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CAFC Updates


By September 14, 2022March 7th, 2024No Comments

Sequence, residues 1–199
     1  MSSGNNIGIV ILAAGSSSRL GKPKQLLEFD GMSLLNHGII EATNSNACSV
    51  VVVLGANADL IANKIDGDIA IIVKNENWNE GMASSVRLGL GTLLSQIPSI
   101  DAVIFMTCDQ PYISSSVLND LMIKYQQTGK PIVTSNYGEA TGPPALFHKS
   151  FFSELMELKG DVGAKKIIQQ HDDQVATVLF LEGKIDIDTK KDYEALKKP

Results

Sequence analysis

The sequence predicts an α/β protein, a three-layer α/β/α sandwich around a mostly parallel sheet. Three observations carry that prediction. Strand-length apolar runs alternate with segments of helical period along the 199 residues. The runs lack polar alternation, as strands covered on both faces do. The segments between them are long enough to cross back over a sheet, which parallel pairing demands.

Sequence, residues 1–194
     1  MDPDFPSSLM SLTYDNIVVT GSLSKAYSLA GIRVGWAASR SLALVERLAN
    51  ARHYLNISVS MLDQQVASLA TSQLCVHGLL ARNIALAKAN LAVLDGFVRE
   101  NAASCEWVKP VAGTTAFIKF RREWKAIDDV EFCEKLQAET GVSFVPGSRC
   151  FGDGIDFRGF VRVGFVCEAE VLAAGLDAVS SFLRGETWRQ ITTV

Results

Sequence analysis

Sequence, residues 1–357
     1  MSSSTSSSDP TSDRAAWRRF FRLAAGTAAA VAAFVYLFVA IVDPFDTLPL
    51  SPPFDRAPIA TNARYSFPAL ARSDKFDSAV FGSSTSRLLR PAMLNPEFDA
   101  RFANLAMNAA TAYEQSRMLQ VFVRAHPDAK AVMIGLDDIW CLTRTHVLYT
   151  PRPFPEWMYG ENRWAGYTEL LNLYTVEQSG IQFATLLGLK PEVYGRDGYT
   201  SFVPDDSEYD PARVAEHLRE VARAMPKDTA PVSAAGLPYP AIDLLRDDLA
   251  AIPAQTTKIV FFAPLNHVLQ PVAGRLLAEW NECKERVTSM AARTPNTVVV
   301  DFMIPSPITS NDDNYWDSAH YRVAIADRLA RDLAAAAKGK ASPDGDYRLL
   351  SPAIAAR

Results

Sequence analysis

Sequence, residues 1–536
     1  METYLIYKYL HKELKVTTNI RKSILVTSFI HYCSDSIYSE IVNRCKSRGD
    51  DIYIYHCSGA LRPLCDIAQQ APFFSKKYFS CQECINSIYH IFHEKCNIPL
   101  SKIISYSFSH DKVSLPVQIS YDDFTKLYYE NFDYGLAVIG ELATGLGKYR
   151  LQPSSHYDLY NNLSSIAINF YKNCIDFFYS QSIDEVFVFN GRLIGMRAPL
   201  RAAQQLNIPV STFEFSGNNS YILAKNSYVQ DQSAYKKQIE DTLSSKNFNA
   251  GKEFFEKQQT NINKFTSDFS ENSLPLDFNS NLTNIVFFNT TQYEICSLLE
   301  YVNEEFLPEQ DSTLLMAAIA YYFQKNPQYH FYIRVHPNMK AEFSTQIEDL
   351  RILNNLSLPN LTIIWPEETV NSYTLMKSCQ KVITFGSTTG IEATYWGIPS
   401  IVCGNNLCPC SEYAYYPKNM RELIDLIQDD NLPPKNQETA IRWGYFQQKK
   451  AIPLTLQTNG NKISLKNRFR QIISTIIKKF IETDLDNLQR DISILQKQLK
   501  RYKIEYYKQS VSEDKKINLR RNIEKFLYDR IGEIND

Sawstop appeals the District Court’s denial of its challenge to the PTO’s interpretation of  35 U.S.C. § 154(b)(1)(C)(iii) and the denial of Sawstop’s requests for adjustment to the term of U.S. Patent Nos. 9,522,476 and  9,927,796 (both directed to power saws with a safety feature that instantly stops the saw blade upon contact with flesh) for the time spent on appeal. The CAFC finds no ambiguity in the language of the statute and agrees with the conclusions reached by the District Court that 1) statutory construction of the (C) delay provision imposes two requirements: that an adverse determination of patentability be reversed, and that the application reviewed in that appeal issue as a patent as a result of that reversal and 2) the PTO did not demonstrate clear error in judgment in denying the requested PTA as neither patent met either requirement under the statute.  With respect to the ’476 patent, the CAFC finds that the appeal of the determination of patentability of claim 11 was not “successful” as it was not “reversed” despite the fact that the Board cast aside the examiner’s basis for rejecting claim 11, yet found claim 11 unpatentable, albeit for a different reason. The CAFC also notes that the claim issued only after significant substantive post-appeal prosecution and amendment. With respect to the ’796 patent, the CAFC holds that the District Court was correct that the ’796 patent did not issue under a decision in the review because the ’796 patent, as issued, did not include claim 1 as appealed but rather Sawstop cancelled claim 1 and replaced it with an independent form of claim 2, which had been allowed in dependent form prior to the appeal. The only claim that was subject to the decision under review was claim 1, which was cancelled and thus not part of the issued patent. The ’796 patent therefore did not issue under a decision in the review. Accordingly, the CAFC affirms the judgments of the District Court that the PTO did not err in its interpretations of § 154(b) and did not violate the APA by refusing to award additional patent term adjustments.

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